Filing taxes is your responsibility when you earn income. If you didn’t file a return last year, there was probably a reason. However, you’ll want to get back on track. Here’s what you can expect when you do file this year.
What if I didn’t file or pay my taxes last year?
What you need to do is file back taxes (also know as a prior year return). TaxSlayer allows you to complete prior year tax returns for up to three years after the return is due.
You’ll report your income and expense information for the year you are filing, so you’ll need to have those records on hand. If you are missing any documents, you can request them from the IRS using Form 4506-T. If you are filing a paper return or filing a return that is more than three years past-due, you’ll need to download those tax forms from the IRS website. For example, if you need to file for 2015, download a Form 1040 for 2015.
All prior year tax returns must be mailed to the IRS office in your state (the address can be found on your state return if you have a state filing requirement). Back tax returns cannot be filed electronically.
You will need to include any payment you owe when you submit your prior year return.
Since you did not file your taxes at all last year, you may have to pay a penalty. In this case, you will receive a notice of penalty and interest fees you will need to pay in addition to your taxes due.
*Note: If you are getting a refund, there is no penalty for late filing. But you must file within three years after the return is due or else you will not be able to collect your refund.
What if I filed my taxes but didn’t pay my tax bill?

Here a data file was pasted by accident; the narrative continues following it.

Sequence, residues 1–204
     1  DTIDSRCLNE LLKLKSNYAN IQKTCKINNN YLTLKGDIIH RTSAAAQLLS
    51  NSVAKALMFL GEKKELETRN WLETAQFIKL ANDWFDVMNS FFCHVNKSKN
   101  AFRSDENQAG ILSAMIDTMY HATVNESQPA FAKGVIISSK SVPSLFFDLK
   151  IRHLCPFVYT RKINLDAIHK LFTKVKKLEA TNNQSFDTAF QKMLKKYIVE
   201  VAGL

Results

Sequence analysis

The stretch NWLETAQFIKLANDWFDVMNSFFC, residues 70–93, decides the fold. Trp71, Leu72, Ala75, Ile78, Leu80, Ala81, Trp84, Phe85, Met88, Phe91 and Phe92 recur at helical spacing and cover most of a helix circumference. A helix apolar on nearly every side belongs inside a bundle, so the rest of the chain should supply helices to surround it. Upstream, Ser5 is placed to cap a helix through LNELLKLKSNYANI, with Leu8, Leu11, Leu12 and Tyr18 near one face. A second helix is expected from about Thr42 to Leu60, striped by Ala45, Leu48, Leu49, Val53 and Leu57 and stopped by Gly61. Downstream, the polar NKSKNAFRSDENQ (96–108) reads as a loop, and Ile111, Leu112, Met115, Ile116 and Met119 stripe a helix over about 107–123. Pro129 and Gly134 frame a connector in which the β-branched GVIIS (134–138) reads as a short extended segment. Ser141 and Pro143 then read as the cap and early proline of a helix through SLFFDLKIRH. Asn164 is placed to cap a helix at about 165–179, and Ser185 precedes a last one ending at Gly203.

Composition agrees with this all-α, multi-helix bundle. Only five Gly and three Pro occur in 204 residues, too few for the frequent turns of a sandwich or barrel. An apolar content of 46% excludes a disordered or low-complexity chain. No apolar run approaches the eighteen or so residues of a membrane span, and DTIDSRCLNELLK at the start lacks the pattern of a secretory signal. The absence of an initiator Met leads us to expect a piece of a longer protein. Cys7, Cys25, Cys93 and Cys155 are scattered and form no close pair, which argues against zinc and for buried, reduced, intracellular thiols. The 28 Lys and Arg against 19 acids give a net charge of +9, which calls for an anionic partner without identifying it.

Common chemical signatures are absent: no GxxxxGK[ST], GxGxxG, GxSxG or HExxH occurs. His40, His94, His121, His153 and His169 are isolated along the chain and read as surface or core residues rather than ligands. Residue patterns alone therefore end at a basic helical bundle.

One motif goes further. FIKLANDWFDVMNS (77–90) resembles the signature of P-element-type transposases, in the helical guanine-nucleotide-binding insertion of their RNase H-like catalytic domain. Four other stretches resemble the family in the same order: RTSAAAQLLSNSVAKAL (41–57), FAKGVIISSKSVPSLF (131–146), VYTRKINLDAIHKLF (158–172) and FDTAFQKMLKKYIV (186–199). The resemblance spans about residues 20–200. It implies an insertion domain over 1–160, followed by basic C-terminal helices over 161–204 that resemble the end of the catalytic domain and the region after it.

If you filed a tax return but you didn’t pay your bill, you will be charged a fee for late payment – usually 0.25% of your tax bill per month that it was late. If you filed before the tax filing deadline, the fee will be lower than if you filed late. But beware of compounding interest on your unpaid tax bills.
To avoid this, you can enroll in an installment plan through the IRS to pay off your tax bill bit by bit. If you owe less than $50,000, this is a great option to tackle your tax bill.
Does the IRS know how much income I earned?
Yes. Every form you received from your employer has also been sent to the IRS. If you are self-reporting, they will still know how much you earned. They can use any of the following methods if they are suspicious that you did not report all your income.
What if I miss the April 15th deadline?
File as soon as possible, even if you miss the original deadline.
If you owe on your tax bill, you will immediately start to accumulate a failure-to-file penalty. This begins at 5% of your tax bill and caps off at 25%. However, if it takes you more than 60 days after April 15th to file, you will be charged an additional fee of $135 or 100% of the taxes you owe, whichever is less.
On the other hand, if you are expecting a refund you won’t be charged any fees. But you must file within 3 years of the original due date to claim your refund. The IRS won’t send you your refund until you file.
What if I am approved for an extension?
If you know you can’t file on time, apply for an extension. That will push back your tax filing deadline to October 15th of that year.
However, you must still pay your tax bill. An extension is only for filing your return, not paying your bill. You must pay at least 90% of your balance by April 15th. The late fees are less but still start at 0.5% of your tax bill. And you’ll still face the same compounding interest.